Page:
Republicans Who Question the War, But Not George Bush

The reason seems clear: They believe that come September, Mr. Bush will wise up and institute the kind of significant course change they have refused to force on him, thus turning the volume own on Iraq just in time for the ’08 election season.

Mr. Warner seemed to say as much when he and Mr. Lugar introduced their own proposal, non-binding legislation that would ask the President to draw up plans for a narrower U.S. mission by mid-October. Unlike the legislation that was killed today, the Warner-Lugar plan provides no provisions to force the President to take the recommended action. “The President,” Mr. Warner stressed, “will have to make some changes, and I’m confident the President will do so.”

For his part, Mr. Lugar has flatly ruled out backing any legislation – now or later – that would set a timeline for withdrawing troops or redefining the U.S. mission and, in fact, has said that – despite his own reservations – Mr. Bush is free to pursue whatever course he wants in Iraq, with as many troops as he wants, as long as he is President.

In essence, the Republican bet is that Mr. Bush, on the subject of Iraq, is a reasonable man and a team player. There’s no need to humiliate him with a legislative rebuke now – not when he’s al but promised to revisit his policy in September then. And surely, Republicans seem to be thinking, he’ll have to come around in September. Right?

But is there really any reason for such optimism? After all, Mr. Bush’s bullheadedness – abetted by Congressional rubberstamping – stirred a Democratic tidal wave last November. And yet, the President’s response was to escalate the war, a move that dropped his own poll numbers even lower and that destroyed the presidential campaign of the top Congressional war supporter, Mr. McCain.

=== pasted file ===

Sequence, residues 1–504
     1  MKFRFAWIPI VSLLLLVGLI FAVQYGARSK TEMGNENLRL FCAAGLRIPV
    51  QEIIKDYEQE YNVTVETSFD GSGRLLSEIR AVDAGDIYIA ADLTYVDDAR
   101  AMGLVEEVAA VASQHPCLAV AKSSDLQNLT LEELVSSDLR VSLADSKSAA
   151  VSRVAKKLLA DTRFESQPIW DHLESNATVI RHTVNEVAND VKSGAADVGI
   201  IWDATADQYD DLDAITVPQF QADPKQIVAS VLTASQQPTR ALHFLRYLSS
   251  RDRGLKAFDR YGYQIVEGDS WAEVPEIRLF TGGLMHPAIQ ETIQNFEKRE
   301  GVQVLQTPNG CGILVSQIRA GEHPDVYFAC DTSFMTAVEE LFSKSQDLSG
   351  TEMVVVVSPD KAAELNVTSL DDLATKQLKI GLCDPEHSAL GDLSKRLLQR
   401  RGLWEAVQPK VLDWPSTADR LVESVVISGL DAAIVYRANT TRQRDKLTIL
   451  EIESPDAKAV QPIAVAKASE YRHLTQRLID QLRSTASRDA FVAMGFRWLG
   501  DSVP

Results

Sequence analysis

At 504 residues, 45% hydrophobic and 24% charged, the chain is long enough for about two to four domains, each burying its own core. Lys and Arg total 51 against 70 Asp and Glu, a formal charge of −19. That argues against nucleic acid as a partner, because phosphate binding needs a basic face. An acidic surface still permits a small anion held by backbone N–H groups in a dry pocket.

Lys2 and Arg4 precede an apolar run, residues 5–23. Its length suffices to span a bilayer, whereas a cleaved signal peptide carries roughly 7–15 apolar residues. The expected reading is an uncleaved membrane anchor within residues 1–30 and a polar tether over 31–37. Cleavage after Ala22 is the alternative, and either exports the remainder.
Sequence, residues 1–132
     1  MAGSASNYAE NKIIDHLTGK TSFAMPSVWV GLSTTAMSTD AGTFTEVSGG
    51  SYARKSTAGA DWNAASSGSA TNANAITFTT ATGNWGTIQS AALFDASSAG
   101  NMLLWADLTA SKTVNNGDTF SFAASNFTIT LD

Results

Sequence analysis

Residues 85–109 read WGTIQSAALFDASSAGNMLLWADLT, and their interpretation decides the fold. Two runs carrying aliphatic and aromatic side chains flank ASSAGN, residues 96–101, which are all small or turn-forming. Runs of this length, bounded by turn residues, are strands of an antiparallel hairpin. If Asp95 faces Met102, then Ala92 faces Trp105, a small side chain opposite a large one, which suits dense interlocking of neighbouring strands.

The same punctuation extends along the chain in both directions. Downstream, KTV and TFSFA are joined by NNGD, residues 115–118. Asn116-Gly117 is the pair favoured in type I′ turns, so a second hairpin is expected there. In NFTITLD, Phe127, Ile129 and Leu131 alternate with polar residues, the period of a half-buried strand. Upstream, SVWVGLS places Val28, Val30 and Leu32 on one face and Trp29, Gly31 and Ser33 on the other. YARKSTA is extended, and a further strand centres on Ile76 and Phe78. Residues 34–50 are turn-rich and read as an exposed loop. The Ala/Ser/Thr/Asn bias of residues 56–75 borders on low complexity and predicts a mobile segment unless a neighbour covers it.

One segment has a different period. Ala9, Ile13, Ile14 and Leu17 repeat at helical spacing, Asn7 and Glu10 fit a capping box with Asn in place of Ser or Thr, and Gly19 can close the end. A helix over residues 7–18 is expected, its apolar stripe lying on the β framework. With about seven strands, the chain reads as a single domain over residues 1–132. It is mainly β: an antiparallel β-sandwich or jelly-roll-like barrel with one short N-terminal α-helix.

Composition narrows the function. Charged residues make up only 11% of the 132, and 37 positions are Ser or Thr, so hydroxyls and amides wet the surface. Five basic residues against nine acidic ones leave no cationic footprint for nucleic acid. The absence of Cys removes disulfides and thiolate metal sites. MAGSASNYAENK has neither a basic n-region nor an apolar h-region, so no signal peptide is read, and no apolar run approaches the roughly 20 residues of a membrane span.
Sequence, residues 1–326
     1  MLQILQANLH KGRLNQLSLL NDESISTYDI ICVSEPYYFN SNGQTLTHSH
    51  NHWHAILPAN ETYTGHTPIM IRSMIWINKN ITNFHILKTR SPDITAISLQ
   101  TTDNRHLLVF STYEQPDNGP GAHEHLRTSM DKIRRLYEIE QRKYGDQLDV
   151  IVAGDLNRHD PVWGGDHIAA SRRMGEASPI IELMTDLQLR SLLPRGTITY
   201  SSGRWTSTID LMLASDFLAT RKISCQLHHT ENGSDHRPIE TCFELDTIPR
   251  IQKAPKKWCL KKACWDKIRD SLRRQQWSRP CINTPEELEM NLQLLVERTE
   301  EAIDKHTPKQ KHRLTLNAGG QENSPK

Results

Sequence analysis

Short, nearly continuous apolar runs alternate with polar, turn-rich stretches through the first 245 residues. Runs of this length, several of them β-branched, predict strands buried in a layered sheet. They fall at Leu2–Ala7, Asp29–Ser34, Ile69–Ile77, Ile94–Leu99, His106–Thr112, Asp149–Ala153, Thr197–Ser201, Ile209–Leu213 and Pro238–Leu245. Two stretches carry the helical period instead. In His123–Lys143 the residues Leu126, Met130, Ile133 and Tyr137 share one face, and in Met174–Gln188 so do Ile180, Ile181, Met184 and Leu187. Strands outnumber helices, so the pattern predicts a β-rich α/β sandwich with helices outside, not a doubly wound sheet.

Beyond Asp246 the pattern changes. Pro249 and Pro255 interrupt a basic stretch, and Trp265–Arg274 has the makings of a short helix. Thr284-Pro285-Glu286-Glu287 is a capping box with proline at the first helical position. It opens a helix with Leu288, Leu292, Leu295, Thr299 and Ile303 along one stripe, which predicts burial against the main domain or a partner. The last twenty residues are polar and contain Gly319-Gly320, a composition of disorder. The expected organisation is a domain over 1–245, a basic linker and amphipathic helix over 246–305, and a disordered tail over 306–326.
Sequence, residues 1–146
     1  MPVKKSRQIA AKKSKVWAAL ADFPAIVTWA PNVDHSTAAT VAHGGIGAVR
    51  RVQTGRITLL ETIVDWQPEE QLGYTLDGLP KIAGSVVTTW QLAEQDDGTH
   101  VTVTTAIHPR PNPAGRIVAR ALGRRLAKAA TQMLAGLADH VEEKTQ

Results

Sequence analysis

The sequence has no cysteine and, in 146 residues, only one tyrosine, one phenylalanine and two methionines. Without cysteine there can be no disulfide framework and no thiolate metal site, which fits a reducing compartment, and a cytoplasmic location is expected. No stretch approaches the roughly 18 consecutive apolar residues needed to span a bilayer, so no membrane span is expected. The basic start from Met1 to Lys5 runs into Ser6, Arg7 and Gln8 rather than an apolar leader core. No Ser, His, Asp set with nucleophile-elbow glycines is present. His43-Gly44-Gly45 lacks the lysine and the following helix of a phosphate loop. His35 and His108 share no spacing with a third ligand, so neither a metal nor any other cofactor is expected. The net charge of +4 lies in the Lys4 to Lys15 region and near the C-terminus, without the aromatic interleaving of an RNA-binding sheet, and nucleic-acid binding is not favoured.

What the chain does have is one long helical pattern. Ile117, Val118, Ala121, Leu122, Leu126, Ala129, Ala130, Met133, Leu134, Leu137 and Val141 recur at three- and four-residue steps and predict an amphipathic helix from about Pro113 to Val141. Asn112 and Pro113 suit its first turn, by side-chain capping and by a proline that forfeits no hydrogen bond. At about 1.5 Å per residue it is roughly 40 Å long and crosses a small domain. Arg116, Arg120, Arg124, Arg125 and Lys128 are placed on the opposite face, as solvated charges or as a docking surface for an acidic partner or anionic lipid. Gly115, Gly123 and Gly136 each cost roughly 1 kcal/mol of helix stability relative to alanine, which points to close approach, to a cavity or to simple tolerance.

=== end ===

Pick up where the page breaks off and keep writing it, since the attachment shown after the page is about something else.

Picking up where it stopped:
And when he was thrown a potential life preserver in the form of the toothless Warner-Lugar plan, Mr. Bush instead dispatched his National Security Advisor, Stephen Hadley, to blow off the idea on national television. Mr. Bush fancies himself the next Harry Truman, a President whose wisdom is only appreciated by the masses decades after he leaves office. So what does he really care about 2008?

But there are 201 Republicans in the House and 49 in the Senate who care very much about 2008. For many, their jobs are on the line. And all of them miss being in the majority dearly. A second consecutive wipeout could lock the G.O.P. out of power for a decade. Mr. Bush has given every indication that he plans to keep a heavy troop presence in Iraq through his entire second term, a state of affairs that could doom his party next year – unless his party decides to save itself.

At one point in the Senate’s marathon debate, Chuck Schumer urged his Republican colleagues to support the course change legislation, arguing that only legislation that forces Mr. Bush’s hand will produce a meaningful change in Iraq.

All but four of them ignored him today, but in two months Republicans will have to make a choice: Would they rather beat the Democrats in legislative maneuvering in 2007, or have a chance in 2008?

Republicans Who Question the War, But Not George Bush